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"Before I had arrived in Camden, the lot across the street from the church was inhabited by abandoned police sub-stations. I did not have the opportunity to see them, but I had heard they had become vandalized and a haven for drug selling. Fortunately, the church was able to organize and get the city to remove the sub-stations and also received the okay to put in a community garden on the lot. Also, Camden is blessed to have the Camden Children's Garden non-profit that works with communities in setting up local gardens. The lot across from Saint Anthony's soon became the biggest in the city.
When I arrived, I greatly desired to try my hand at gardening and learn a new skill. It seemed like a great opportunity to expand self-sustainability and simple living. I was aided by expertise of Brother Jerry and Martha in the Camden community. Martha took me over to the Children's garden and loaded me up with sprouts, fertilizer, and confidence. Instead of giving me one plot in the garden,,she insisted I take at least three. I soon had over a hundred sprouts,probably closer to two hundred, and my adventure began from there.
Since I started in late August, my first season involved all fall vegetables. I planted romaine, spinach, swiss chard, broccoli, and kale. Also, I had cilantro, basil, and dill for herbs. Unfortunately, I experienced the heart break of gardening as beetles devoured my broccoli and kale. But not all was lost and I harvested bags upon bags of greens and herbs over a few months. We learned and tried all sorts of recipes to use up the abundance of swiss chard. For a community prayer, we even once harvested several bags of vegetables and gave them out to our neighbors in need. I was also able to provide Francis house with a salad for lunch regularly.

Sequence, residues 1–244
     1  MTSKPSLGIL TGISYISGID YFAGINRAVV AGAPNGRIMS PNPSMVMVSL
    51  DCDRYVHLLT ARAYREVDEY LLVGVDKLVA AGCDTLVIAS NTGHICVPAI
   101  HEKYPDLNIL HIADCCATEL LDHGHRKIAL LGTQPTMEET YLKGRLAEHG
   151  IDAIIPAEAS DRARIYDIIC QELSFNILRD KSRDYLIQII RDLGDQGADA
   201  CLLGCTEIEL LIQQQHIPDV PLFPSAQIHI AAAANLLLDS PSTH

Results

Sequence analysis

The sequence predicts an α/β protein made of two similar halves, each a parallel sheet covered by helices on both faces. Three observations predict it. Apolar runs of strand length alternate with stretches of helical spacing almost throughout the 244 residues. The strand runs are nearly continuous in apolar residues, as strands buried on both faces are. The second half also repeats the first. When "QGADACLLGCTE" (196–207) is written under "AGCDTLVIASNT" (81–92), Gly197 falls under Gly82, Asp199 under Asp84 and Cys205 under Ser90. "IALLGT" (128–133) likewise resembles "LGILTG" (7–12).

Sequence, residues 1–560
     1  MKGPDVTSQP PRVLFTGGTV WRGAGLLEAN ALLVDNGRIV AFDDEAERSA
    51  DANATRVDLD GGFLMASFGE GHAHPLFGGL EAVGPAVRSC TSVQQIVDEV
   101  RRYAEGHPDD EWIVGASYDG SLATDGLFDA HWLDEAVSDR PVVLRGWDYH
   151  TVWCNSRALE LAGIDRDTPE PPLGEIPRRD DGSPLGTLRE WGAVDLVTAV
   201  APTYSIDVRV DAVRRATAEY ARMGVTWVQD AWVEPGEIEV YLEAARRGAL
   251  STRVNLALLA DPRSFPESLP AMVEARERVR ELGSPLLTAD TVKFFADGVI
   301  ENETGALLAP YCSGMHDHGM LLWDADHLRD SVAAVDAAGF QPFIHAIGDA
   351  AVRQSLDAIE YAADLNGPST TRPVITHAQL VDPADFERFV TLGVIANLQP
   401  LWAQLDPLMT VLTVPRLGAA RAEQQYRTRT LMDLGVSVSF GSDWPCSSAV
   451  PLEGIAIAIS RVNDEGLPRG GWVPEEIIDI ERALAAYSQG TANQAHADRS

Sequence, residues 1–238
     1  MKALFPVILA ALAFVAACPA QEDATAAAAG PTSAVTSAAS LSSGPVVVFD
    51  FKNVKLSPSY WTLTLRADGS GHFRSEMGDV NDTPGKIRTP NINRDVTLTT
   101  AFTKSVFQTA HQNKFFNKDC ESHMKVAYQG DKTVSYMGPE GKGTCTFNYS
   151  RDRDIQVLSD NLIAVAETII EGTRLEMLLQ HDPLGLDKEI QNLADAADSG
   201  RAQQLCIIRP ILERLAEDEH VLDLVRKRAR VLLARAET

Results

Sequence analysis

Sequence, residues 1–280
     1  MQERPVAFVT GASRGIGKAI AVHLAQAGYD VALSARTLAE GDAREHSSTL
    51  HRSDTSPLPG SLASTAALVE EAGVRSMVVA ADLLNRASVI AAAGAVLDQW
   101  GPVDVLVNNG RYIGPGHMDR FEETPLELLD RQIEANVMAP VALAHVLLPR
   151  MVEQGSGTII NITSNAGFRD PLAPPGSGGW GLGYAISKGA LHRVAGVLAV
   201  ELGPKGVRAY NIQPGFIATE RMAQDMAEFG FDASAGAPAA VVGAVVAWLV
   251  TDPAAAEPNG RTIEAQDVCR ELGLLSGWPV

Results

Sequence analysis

As great as the garden was doing, all good things must come to an end. A garden must die and rest before spring comes and it can come to life again. My plots and hearty vegetables lasted through a couple frosts, but a couple weeks ago one night was especially cold. The next day I picked some spinach and the stem had started to turn to ice on the inside. We quickly harvested the remaining greens and found out we needed trash bags to fit it all. There must have been fifteen pounds of greens collected on the last day of the season between the spinach and swiss chard. Seeing as two trash bags full of vegetables was a little too much for a dinner salad, I sent it over to Saint Francis Inn. They were able to distribute the vegetables to families in need and provide a great source of vitamins and nutrition.
The first season of gardening produced a wonderful and tasty assortment of life. I am greatly looking forward to the spring and expanding my growing experiences to a wider variety of vegetables. It's exciting to eat and cook with food grown by my own hands and also the ability to share that gift with other communities as well.
• Josh, Camden '09−'10
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